Call for Chapter Proposals, The Oxford Handbook of Pop Music, edited by Eric Weisbard
Proposals now due: August 15, 2023
Pop music, by definition, is commercial music: motivated by profit more than artistry, seeking a mainstream appeal that forbids fussiness about aesthetic absolutes. This resistance to firm definition has affected music writing. Jazz criticism, rock criticism, and rap criticism reflected genre communities debating standards. Popular music studies preferred scenes, subcultures, and other margins that at times crashed the charts. Sound studies almost left music behind altogether. There is no precise field of pop studies to glean from. Nevertheless, for 20-plus years now the Pop Conference has featured hundreds of writers pursuing pop across numerous topics and methods. And a phrase has circulated, “poptimism,” disposed to correct for the biases of “rockism.” The Oxford Handbook of Pop Music will build upon these significant beginnings.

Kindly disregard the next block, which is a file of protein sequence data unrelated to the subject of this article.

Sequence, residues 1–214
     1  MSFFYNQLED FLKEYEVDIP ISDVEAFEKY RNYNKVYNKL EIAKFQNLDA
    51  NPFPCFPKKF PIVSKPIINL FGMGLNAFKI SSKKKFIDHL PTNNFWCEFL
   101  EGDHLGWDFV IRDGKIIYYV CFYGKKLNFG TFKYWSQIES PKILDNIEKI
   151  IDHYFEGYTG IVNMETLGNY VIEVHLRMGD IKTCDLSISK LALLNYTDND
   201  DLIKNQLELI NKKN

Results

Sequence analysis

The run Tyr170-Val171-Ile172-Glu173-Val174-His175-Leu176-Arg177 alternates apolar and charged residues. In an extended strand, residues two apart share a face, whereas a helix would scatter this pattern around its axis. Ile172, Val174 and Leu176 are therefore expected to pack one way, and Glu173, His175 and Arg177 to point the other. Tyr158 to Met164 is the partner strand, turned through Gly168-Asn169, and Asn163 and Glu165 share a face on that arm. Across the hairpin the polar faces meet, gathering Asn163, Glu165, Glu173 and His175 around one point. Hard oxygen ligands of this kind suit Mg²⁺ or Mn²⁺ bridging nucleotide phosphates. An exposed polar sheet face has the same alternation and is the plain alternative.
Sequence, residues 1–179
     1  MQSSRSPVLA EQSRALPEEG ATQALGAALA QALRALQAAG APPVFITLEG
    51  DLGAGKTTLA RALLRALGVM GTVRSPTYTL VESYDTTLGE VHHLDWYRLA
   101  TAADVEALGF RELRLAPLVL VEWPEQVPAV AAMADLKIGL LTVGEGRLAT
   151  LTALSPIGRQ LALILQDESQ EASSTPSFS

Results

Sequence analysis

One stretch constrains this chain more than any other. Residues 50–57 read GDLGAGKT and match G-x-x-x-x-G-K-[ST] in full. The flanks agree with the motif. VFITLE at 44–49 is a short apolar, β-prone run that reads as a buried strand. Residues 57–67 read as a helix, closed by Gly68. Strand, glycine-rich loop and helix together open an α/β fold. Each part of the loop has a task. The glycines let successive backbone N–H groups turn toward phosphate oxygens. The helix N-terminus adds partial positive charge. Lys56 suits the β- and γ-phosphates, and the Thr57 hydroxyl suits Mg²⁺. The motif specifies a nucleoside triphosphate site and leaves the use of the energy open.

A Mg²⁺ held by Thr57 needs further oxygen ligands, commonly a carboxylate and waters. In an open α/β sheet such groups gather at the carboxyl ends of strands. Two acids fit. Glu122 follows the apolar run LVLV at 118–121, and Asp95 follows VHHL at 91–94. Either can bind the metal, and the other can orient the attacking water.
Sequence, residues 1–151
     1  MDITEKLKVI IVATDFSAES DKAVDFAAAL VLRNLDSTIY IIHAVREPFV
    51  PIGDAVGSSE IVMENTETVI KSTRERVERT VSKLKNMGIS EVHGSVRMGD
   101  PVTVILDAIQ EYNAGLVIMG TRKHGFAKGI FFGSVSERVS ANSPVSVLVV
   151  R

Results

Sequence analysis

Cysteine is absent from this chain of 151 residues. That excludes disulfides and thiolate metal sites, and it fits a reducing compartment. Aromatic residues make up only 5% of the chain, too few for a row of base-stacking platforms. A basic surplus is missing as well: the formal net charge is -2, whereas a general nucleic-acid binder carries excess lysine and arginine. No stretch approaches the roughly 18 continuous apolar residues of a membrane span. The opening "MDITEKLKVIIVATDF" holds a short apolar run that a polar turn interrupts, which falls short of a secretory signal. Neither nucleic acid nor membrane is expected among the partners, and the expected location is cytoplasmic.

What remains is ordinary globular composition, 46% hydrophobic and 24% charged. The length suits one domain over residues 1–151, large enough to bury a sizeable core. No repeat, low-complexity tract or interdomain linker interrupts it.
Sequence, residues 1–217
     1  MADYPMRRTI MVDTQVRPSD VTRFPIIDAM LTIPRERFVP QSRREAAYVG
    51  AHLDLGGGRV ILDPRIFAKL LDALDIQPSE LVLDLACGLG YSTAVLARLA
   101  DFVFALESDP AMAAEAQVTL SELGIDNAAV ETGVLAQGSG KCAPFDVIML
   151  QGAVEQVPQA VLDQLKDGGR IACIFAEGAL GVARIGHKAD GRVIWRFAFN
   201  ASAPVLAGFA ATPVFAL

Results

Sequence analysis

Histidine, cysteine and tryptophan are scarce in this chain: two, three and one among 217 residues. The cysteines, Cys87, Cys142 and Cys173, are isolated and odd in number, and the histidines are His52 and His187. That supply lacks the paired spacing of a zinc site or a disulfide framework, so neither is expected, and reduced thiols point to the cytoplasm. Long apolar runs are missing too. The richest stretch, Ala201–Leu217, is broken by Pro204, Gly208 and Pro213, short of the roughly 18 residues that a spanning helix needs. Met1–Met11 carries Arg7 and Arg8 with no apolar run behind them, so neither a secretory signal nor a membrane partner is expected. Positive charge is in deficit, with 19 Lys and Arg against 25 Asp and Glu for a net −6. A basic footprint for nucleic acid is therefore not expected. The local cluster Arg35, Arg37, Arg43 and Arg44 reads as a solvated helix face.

Call for Chapters
Popular Music Songwriting as Cultural, Creative, and Economic Practice
Yearbook ‘Lied und Populäre Kultur / Song and Popular Culture’ of the Centre for Popular Culture and Music, Vol. 69 (2024), ed. by Michael Ahlers, Jan-Peter Herbst, and Knut Holtsträter.
Call for Papers
Unheard Melodies: Towards A Global Musicology of boys love Media